Part 2, Division 1: Summary and Analysis
Household Cook: the woman who asks to be dismissed from her job
Part 2, Division 1 covers the action of the story from twilight of the same day to the removal of Gregor’s furniture from his room.
When Gregor wakes up it is twilight. He is immediately drawn to the smell of food in his room and sees a basin of milk with little pieces of bread floating around in it. The sight of the food makes him happy because he knows that no one else but his sister, Grete, left it for him and because she knows that milk is his favorite drink. Instead of drinking the milk, however, Gregor discovers that he has lost his appetite for it and he leaves the milk alone. He also discovers that one of his legs is seriously injured, the result of his father’s assault on him earlier that morning.
A little while later, when Grete returns to his room to check up on her brother, she notices that the milk is untouched. She removes the basin, goes out, but soon returns with a plate full of vegetables, stale cheese, some dry bread, and raisins. Gregor finds this food more to his liking, and he munches hungrily on the cheese. From then on, Gregor is fed twice a day, once in the morning and then again in the afternoon. Grete becomes chiefly responsible for feeding Gregor and tending to his needs.
The cook begs Gregor’s mother to let her leave the house and to quit her job. Her decision is based on the fact that she doesn’t want to be around Gregor anymore. She gives Mrs. Samsa her word of honor that she won’t say anything to anyone about Gregor. Mrs. Samsa consents and the cook leaves.
Gregor is able to overhear his father in the next room talking to his mother and sister about the family’s financial situation. He learns that his father had made some investments years before, and that he still has some money put away that the family can live on for the next year or two.
Gregor’s thoughts turn to his former life as a salesman, and he takes pride in the fact that he was able to provide for his family. He also thinks of his former business acquaintances, and he still has the fervent desire to send his sister to the conservatory to study the violin. These thoughts make him a little sad as he listens to his parents and he recalls the glory of his past life.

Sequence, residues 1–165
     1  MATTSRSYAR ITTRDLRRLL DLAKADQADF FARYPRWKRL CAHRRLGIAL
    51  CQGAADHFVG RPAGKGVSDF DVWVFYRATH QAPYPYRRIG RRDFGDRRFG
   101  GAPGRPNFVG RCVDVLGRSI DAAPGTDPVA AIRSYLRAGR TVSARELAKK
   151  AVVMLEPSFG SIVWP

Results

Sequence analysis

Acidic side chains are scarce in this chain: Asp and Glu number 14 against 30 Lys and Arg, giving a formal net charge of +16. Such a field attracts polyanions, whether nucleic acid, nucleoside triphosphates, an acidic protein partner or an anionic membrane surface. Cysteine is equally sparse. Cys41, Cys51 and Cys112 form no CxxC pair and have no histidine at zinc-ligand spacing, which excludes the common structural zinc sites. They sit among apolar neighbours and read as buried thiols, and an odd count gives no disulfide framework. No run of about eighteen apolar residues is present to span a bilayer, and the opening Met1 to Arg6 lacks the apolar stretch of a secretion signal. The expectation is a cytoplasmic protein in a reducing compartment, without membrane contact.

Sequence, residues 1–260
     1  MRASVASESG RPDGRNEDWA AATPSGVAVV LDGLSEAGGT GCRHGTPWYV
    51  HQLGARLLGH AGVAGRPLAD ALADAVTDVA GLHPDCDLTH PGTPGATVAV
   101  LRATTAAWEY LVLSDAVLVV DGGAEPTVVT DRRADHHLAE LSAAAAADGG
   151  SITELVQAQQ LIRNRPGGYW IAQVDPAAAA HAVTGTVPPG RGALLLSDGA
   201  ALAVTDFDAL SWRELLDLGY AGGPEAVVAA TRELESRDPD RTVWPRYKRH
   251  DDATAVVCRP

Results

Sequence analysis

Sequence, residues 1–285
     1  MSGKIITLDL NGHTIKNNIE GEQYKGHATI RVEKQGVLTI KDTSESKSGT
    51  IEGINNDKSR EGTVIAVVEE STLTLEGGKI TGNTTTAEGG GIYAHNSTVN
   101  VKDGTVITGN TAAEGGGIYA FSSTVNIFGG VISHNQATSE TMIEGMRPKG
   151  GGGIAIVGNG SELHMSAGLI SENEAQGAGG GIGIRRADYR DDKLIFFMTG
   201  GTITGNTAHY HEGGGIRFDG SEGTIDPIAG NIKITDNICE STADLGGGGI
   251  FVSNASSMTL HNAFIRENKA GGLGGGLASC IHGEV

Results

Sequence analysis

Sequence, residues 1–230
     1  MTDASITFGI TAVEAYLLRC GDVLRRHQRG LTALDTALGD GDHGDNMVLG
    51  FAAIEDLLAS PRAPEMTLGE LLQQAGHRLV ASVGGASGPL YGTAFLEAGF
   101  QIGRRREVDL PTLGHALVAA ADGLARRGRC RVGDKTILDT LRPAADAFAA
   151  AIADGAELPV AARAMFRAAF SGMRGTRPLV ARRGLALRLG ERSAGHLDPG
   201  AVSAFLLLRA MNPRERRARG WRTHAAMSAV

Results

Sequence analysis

Grete decides that it would be best for Gregor if some of the furniture in his room was removed. This, she thinks, is in his best interest, for it would allow him greater freedom of movement. Mrs. Samsa, at first, resists Grete’s idea but she finally gives in and agrees to help her daughter in this task. Gregor, however, likes his furniture; it reminds him of his past and the warm memories associated with it. When the time comes to remove the furniture, Gregor can only look on helplessly, as his mother and sister begin to take out the chest and the writing desk. There is, however, one article in the room that Gregor will not let them have and that is the picture on the wall of the woman dressed in furs. Climbing up on the wall, Gregor spreads himself over the glass, fiercely defying his sister and mother to take the picture from him.
The time factor in this part of the story becomes a little blurred. Although it is clearly twilight of the same day when Part 2 opens, we learn that, later on, an indefinite period of time will have elapsed, perhaps a few days, perhaps longer; it isn’t clear.
In Part 2, Gregor’s health begins to deteriorate. He no longer has any taste for his favorite beverage, milk, and his badly mangled leg hampers his movement and virtually turns him into an invalid. The stage is therefore set for his total physical decline and eventual death. Also, his failing eyesight, which suggests a loss of consciousness, and his reluctance to nourish himself, symbolize his steady withdrawal from the world and intensify his alienation from the human environment.
As this section of the story opens, an eerie silence permeates the apartment. In the living room a light is...
(The entire section is 2,541 words.)